Curtis and Riley keep a Slave-Jail !


Times have changed since Boston was the gaze and admiration of the world for her heroic resistance to tyranny.  Seventy years ago she was a little town, in comparison with her present dimensions, yet she would not submit to insult from the constituted authorities set over her when they were violating what she esteemed, ‘a higher law’, and she defied the whole physical force of the most powerful empire in the world, when it presumed to invade her rights.

The she could stand against the world;

_______________________’ now lies she there,

And none so poor as to do her reverence!’

Now she is insulted and spit upon, and takes it patiently, — not from a Christian spirit of endurance of injuries, but from sheer cowardice and lack of manly spirit.  Her very servants mock her, and she thanks them for it.  Her political tyrants cover her with ignominy, and she falls prostrate and blesses them for the benefaction.  If the action of the City Government and the general tone of the press of all parties are to be accepted as the expression of the state of mind of this city. never were the members of a corporate body of a more mean and abject than the citizens of Boston……….

What has been the history of the last fortnight?  A man was arrested as a fugitive slave.  He was detained for safe-keeping in a certain upper chamber, sometimes used as the U. S. Court Room.  Not in the Temple of Justice, as the sycophantic newspapers say, striving to darken counsel with great swelling words of vanity, but in a barracoon, a slave-jail, extemporized for the occasion……………….. When Mr. George T. Curtis (better known as the Little Expounder) sits there as Commissioner,  it is a Commissioner’s  Office.  When Deputy Marshal Riley makes it a place of detention for a fugitive slave, it is a Slave Jail and entitled to al his reverence and observance due to a construction for that purpose and no more.  ……….Well,  Mr. Slave-Jailer Riley not keeping his jail fast enough, some fifty, or at the outside, hundred colored men, open the door, without hurting anybody, and the Boston Shadrach walks quietly out of the jaws of the fiery furnace, which was just yawning for him, body and soul, and goes his way no more………………………..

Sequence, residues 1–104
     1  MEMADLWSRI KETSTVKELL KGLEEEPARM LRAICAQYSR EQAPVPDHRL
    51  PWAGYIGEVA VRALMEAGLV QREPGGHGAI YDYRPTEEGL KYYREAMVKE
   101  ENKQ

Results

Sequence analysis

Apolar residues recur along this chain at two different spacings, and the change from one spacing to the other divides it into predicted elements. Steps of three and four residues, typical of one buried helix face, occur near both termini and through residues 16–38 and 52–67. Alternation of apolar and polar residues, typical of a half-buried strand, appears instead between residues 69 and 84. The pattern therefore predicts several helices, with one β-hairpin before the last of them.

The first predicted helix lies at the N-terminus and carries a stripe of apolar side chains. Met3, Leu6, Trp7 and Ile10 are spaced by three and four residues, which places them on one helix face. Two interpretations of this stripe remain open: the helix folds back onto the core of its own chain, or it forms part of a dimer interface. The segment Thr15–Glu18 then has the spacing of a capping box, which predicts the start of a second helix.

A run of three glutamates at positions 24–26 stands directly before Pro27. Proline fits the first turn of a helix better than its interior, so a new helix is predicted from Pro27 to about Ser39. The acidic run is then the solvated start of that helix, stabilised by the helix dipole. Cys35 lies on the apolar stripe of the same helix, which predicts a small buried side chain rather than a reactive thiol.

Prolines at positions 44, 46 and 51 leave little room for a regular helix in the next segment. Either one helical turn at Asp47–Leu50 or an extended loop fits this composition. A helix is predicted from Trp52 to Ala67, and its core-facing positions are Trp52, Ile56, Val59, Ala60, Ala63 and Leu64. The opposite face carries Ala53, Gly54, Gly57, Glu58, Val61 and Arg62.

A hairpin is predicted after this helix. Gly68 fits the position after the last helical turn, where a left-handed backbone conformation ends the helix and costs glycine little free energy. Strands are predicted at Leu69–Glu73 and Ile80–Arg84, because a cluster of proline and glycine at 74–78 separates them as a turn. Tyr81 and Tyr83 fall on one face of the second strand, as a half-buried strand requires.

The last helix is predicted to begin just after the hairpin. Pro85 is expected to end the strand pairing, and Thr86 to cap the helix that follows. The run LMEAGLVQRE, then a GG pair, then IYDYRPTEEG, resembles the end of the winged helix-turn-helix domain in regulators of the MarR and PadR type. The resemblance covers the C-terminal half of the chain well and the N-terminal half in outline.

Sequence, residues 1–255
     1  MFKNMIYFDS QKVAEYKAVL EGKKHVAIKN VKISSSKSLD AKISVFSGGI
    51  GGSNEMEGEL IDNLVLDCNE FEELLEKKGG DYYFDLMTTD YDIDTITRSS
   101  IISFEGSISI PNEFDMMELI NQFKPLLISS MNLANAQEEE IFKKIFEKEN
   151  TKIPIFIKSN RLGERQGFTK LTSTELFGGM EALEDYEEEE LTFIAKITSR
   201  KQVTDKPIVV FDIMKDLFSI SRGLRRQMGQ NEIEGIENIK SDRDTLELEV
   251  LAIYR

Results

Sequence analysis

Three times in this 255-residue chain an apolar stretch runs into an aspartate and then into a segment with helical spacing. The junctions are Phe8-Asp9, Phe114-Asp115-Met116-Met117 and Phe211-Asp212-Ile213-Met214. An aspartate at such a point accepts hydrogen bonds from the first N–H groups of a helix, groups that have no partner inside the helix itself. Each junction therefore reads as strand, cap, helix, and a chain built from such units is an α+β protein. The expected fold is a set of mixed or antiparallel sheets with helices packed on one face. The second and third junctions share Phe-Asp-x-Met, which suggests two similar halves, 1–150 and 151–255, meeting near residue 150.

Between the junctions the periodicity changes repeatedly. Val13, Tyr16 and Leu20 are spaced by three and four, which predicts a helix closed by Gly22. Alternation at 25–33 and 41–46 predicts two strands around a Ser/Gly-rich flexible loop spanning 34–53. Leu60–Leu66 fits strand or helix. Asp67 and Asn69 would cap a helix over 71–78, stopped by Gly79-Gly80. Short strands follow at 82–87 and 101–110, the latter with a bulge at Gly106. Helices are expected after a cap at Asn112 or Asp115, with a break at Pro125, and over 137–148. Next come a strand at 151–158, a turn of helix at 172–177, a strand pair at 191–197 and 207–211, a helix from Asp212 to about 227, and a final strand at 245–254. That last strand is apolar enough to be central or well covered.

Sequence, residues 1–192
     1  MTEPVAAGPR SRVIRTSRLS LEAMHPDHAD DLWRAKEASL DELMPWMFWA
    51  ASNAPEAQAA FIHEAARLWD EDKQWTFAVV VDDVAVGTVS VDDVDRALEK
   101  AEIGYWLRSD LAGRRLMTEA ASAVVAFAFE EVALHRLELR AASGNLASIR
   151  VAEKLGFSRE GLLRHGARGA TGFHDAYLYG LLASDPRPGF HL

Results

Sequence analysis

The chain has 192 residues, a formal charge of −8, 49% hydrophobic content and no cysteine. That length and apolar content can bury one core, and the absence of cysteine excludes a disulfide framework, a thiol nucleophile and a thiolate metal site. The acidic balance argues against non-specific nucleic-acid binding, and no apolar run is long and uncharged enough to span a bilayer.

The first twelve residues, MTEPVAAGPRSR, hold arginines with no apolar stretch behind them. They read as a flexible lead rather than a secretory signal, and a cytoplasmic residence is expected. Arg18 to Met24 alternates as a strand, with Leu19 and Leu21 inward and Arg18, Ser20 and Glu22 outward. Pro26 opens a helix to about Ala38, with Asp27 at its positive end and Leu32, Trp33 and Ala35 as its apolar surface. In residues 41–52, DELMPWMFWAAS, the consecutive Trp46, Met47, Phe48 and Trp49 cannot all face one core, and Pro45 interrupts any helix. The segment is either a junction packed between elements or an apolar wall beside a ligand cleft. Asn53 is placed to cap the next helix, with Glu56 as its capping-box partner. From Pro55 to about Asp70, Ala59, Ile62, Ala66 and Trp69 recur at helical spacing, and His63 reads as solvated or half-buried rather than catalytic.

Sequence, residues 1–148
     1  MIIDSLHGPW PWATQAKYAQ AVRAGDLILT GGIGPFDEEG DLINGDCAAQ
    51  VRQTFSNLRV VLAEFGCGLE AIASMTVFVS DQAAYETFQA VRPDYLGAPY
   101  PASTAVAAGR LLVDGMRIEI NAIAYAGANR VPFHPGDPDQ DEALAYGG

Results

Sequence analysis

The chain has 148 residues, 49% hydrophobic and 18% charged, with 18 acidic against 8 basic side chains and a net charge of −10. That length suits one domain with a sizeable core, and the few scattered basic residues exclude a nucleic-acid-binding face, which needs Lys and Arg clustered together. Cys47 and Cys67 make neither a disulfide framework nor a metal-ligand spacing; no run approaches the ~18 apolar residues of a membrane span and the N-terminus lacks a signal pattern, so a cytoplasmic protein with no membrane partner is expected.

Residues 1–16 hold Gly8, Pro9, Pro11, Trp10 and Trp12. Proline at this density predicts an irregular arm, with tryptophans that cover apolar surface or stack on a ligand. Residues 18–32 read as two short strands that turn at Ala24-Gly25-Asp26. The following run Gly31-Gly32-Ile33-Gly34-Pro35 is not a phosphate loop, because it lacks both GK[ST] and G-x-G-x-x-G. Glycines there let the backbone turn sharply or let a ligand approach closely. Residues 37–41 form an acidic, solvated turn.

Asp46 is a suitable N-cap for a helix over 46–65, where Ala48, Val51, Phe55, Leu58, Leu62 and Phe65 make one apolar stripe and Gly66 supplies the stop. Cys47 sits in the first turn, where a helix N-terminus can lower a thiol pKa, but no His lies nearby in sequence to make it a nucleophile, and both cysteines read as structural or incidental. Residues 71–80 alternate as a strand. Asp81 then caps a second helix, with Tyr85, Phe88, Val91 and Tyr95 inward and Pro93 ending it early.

(Liberator, Feb. 28, 1852, pg 2)